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Kayaking college course helps students reassess their views of Southeast Alaska

The Tatoosh School kayakers completed their maiden voyage last week in Wrangell. A group of four university students and their two instructors paddled around the Inside Passage as part of a new hands-on college-level ecology and resource management course.

“We kayaked a lot. Approximately 208.34 miles,” said Brandi Lynn Welch, one of the students.

They spent 20 days of their 40 day excursion out on the water. None of the four students had ever kayaked before, so they underwent rigorous safety training. They said that luckily none of them ever flipped, and the hardest part of kayaking, once they were used to it, was wearing dry suits for the last few days of paddling when visiting Le Conte glacier.

“Physical exertion while having the blood cut off from your hands and head is kind of not the best,” said Wynter Larson.

Peter Chaille and Erin Steinkruger developed the school with the idea of getting students out of the classroom and into the field to experience new ecosystems and the people who use them.

The group started in Ketchikan then visited places like Otter Sound, the Harris River, and Wrangell. They paddled alongside whales and seals, and experienced the weirder parts of nature.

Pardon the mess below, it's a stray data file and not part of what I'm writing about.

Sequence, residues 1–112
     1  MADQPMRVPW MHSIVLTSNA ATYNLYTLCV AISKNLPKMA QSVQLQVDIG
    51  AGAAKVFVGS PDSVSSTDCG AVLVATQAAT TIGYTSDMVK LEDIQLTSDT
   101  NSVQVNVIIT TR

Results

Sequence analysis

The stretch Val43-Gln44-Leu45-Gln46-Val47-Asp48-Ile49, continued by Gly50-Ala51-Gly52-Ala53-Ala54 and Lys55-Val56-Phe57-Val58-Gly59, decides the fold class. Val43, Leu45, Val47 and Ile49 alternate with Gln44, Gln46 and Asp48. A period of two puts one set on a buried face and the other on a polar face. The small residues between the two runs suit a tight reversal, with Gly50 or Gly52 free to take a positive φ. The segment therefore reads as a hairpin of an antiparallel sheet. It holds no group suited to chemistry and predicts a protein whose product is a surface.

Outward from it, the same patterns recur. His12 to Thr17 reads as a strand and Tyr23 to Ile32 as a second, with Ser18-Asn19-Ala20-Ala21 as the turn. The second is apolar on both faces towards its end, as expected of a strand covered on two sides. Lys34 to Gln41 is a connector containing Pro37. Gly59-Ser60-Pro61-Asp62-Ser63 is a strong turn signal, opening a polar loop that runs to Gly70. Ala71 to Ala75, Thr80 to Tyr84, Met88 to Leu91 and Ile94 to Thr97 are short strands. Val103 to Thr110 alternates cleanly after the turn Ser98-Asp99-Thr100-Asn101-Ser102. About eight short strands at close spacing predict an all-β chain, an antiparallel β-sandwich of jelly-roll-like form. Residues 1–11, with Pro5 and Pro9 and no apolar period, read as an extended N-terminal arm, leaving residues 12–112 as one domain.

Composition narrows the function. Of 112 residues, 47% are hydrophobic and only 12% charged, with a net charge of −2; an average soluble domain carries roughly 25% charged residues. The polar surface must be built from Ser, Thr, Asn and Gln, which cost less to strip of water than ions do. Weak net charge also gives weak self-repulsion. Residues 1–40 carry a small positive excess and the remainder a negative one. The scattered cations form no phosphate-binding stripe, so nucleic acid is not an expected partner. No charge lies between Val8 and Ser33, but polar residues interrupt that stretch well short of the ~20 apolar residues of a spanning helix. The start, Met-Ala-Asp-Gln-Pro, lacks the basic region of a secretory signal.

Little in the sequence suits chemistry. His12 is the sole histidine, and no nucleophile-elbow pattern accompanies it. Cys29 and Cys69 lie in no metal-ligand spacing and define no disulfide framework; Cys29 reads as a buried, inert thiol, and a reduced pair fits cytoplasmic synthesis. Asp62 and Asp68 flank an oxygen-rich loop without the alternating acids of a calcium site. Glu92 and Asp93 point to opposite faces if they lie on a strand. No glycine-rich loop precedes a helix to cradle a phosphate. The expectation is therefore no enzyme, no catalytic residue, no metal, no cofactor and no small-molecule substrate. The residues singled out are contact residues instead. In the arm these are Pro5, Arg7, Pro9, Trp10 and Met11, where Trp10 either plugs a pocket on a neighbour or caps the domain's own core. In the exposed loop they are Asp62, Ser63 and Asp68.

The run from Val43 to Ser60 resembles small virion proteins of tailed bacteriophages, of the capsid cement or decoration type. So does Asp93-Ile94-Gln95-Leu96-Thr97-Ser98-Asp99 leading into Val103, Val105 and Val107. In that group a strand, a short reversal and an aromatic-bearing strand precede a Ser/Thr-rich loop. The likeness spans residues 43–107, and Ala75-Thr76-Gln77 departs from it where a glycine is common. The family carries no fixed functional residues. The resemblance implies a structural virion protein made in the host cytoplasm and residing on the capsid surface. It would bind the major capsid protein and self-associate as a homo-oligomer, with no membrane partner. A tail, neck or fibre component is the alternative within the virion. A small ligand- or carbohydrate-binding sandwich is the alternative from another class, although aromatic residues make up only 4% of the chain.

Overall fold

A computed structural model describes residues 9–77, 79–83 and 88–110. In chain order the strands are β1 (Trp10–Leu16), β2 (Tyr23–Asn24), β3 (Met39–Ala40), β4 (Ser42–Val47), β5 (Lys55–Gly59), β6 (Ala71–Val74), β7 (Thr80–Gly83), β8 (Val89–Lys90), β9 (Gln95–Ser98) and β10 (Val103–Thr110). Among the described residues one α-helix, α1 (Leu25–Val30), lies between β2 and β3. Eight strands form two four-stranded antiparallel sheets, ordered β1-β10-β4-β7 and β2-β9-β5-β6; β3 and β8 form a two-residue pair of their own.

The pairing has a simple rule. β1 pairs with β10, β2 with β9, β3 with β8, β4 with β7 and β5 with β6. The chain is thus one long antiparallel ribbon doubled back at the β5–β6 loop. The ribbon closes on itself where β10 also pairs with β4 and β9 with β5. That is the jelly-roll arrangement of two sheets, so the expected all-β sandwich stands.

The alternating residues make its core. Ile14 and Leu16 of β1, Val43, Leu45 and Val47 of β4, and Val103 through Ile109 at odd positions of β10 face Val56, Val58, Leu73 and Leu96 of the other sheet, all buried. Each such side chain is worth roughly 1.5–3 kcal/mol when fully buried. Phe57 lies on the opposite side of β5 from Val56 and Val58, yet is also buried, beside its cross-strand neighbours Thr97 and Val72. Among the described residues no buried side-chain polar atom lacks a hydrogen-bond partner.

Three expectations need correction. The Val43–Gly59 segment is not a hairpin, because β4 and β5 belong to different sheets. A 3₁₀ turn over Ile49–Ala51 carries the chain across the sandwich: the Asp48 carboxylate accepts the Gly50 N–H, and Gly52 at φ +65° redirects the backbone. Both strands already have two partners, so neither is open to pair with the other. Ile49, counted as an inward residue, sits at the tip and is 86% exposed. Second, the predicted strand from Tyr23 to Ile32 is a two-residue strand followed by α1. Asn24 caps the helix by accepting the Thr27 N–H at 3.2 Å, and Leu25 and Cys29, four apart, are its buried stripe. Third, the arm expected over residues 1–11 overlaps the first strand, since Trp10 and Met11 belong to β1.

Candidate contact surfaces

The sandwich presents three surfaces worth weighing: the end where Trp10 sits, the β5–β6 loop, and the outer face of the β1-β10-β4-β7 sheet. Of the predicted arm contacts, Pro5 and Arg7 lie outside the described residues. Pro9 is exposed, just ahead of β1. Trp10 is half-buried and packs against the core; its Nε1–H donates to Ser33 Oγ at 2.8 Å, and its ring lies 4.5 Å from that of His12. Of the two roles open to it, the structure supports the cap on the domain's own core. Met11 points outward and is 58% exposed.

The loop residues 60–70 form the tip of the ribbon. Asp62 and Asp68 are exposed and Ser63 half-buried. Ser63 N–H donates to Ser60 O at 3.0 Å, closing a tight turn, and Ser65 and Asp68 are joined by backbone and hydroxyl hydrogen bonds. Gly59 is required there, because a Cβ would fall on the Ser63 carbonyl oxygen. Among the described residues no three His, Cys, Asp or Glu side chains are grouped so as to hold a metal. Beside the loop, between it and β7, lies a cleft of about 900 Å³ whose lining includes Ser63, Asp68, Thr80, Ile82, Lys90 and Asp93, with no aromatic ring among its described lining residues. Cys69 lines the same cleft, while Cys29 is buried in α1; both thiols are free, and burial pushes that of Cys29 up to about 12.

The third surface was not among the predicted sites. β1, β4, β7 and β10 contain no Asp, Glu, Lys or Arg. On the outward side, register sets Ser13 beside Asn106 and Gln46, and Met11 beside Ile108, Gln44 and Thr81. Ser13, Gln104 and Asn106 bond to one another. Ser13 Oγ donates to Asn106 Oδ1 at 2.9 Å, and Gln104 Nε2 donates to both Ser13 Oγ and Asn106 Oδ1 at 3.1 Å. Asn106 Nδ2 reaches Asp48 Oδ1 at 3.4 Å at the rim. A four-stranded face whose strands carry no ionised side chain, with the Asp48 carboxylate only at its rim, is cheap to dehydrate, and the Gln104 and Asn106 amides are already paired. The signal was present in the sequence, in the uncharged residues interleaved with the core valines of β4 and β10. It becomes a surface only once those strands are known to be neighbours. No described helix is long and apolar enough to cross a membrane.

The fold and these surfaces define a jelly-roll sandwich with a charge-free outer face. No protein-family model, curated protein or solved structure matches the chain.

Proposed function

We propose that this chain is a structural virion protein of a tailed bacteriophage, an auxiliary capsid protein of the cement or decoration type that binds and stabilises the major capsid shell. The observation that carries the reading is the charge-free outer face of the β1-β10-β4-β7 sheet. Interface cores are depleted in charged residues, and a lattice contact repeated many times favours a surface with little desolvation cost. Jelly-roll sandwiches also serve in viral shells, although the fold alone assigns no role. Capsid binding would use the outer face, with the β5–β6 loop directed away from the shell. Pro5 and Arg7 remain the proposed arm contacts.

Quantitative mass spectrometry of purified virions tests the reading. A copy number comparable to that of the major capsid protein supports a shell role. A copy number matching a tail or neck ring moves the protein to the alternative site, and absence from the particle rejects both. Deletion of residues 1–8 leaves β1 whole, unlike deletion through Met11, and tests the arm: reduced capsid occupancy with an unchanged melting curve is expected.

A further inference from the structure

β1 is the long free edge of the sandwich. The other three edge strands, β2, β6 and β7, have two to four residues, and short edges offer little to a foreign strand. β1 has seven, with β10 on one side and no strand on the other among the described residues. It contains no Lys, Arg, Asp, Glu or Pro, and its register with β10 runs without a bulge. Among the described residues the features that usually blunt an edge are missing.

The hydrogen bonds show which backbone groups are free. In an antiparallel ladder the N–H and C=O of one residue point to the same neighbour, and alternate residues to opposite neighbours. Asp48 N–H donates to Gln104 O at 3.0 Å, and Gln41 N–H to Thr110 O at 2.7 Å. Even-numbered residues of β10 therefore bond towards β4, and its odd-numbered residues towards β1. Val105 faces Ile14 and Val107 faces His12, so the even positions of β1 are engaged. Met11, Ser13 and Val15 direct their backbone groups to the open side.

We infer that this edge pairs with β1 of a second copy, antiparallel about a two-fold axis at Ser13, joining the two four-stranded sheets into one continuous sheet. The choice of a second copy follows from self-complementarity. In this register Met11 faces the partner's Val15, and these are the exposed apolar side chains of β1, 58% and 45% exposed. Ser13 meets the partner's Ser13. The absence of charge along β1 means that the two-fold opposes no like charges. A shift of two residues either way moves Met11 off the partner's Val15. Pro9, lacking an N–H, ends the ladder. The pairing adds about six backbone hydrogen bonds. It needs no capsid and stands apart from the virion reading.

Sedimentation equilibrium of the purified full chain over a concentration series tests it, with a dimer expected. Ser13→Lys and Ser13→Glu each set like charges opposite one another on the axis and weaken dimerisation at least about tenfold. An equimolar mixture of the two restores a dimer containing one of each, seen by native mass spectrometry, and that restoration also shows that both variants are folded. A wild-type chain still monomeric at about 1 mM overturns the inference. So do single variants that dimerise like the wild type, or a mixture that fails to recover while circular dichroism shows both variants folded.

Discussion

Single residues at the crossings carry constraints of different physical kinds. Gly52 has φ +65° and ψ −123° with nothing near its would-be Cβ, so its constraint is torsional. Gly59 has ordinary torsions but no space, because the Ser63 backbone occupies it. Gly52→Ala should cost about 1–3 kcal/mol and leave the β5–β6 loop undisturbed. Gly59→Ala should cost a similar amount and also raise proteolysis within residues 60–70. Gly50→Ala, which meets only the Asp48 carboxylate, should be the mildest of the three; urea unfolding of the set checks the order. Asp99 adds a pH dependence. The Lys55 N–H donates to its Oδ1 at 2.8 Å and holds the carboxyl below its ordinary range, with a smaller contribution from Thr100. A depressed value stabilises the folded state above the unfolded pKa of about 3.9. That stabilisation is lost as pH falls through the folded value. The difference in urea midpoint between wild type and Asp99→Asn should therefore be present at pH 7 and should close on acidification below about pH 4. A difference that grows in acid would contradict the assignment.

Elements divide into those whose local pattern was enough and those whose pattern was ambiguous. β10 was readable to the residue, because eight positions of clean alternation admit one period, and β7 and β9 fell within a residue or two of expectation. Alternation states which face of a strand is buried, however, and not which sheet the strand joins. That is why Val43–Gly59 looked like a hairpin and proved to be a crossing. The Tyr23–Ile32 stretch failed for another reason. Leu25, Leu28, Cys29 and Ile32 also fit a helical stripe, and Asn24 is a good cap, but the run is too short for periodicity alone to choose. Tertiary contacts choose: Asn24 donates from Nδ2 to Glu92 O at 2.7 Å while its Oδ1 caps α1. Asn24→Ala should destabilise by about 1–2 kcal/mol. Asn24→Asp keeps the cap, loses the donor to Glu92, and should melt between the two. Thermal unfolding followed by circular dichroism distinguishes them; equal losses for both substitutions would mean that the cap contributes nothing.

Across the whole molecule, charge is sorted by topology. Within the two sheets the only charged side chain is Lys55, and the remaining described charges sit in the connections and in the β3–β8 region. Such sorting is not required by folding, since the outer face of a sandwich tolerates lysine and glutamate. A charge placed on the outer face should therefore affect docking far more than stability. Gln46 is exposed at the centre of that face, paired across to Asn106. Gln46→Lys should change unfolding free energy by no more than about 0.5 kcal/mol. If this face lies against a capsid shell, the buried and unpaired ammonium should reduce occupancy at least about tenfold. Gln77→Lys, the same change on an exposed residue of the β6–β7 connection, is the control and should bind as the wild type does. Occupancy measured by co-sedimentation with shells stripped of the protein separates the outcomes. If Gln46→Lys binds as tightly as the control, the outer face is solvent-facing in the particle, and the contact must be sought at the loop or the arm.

On Friday the 13th, “two eagles came screaming and crashing into our woods, fighting over a freaking shark head!” recalled Welch.

The students also spoke with loggers, resource managers, scientists, and others who rely on the Tongass Forest for their survival. The instructors used prepared readers to teach academic classes at their campsites. All of the students said it changed their perspectives on forestry issues.

“I really enjoyed being reminded that things are a lot more complicated than I like to make them. I can’t just in my head say ‘logging is bad’ while I sit here reading my amazing reader made out of paper,” Welch said.

“I guess you could say I’m sort of a hippy,” remarked Zoe Wiggers. “But now that I come up here…timber is so much more than an industry up here, it’s definitely a lifestyle, and there are issues and it really affects everybody. It’s definitely a necessary thing, like there’s no way around it. And so I think with the proper management, the timber industry is a beautiful thing up here.”

Larson said they gained a sense of place by interacting with the communities and kayaking and camping in the wilderness. “The philosophy of this program and the mission of this program is to kind of instill a sense of place and a value in that sense of place. And I think that experiential learning in that way is really, really important. I’ve always seen that as a valuable tool to take anywhere you go.”

The Tatoosh School is based out of Portland in the winter and around the Southeast in the summer. This is their first summer offering academic college courses. Their second group of students will start in Wrangell and start paddling toward Ketchikan this week.


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